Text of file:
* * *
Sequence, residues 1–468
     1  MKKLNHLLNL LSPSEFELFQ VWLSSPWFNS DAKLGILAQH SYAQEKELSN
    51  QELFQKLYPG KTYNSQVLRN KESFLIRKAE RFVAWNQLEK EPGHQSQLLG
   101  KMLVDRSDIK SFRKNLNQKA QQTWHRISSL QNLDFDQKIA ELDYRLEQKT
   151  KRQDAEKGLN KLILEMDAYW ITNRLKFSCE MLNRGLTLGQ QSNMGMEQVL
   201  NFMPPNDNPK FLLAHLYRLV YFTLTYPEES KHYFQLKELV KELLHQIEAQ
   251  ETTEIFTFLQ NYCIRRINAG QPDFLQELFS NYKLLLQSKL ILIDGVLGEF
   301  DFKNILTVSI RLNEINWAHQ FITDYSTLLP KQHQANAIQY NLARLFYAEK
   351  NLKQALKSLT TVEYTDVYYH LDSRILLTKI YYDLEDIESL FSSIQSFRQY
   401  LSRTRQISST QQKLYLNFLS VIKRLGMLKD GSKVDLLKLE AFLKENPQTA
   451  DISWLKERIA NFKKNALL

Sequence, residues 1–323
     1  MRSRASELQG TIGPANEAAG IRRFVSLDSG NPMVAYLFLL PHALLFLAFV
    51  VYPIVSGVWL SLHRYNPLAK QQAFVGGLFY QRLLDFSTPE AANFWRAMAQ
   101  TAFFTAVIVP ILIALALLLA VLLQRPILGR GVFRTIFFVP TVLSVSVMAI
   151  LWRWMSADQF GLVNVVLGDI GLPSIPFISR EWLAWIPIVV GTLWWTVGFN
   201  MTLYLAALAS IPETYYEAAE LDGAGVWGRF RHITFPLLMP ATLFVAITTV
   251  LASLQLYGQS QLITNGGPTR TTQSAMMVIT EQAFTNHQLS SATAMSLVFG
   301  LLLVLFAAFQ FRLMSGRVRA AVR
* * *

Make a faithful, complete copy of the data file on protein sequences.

Sequence, residues 1–468
     1  MKKLNHLLNL LSPSEFELFQ VWLSSPWFNS DAKLGILAQH SYAQEKELSN
    51  QELFQKLYPG KTYNSQVLRN KESFLIRKAE RFVAWNQLEK EPGHQSQLLG
   101  KMLVDRSDIK SFRKNLNQKA QQTWHRISSL QNLDFDQKIA ELDYRLEQKT
   151  KRQDAEKGLN KLILEMDAYW ITNRLKFSCE MLNRGLTLGQ QSNMGMEQVL
   201  NFMPPNDNPK FLLAHLYRLV YFTLTYPEES KHYFQLKELV KELLHQIEAQ
   251  ETTEIFTFLQ NYCIRRINAG QPDFLQELFS NYKLLLQSKL ILIDGVLGEF
   301  DFKNILTVSI RLNEINWAHQ FITDYSTLLP KQHQANAIQY NLARLFYAEK
   351  NLKQALKSLT TVEYTDVYYH LDSRILLTKI YYDLEDIESL FSSIQSFRQY
   401  LSRTRQISST QQKLYLNFLS VIKRLGMLKD GSKVDLLKLE AFLKENPQTA
   451  DISWLKERIA NFKKNALL

Sequence, residues 1–323
     1  MRSRASELQG TIGPANEAAG IRRFVSLDSG NPMVAYLFLL PHALLFLAFV
    51  VYPIVSGVWL SLHRYNPLAK QQAFVGGLFY QRLLDFSTPE AANFWRAMAQ
   101  TAFFTAVIVP ILIALALLLA VLLQRPILGR GVFRTIFFVP TVLSVSVMAI
   151  LWRWMSADQF GLVNVVLGDI GLPSIPFISR EWLAWIPIVV GTLWWTVGFN
   201  MTLYLAALAS IPETYYEAAE LDGAGVWGRF RHITFPLLMP ATLFVAITTV
   251  LASLQLYGQS QLITNGGPTR TTQSAMMVIT EQAFTNHQLS SATAMSLVFG
   301  LLLVLFAAFQ FRLMSGRVRA AVR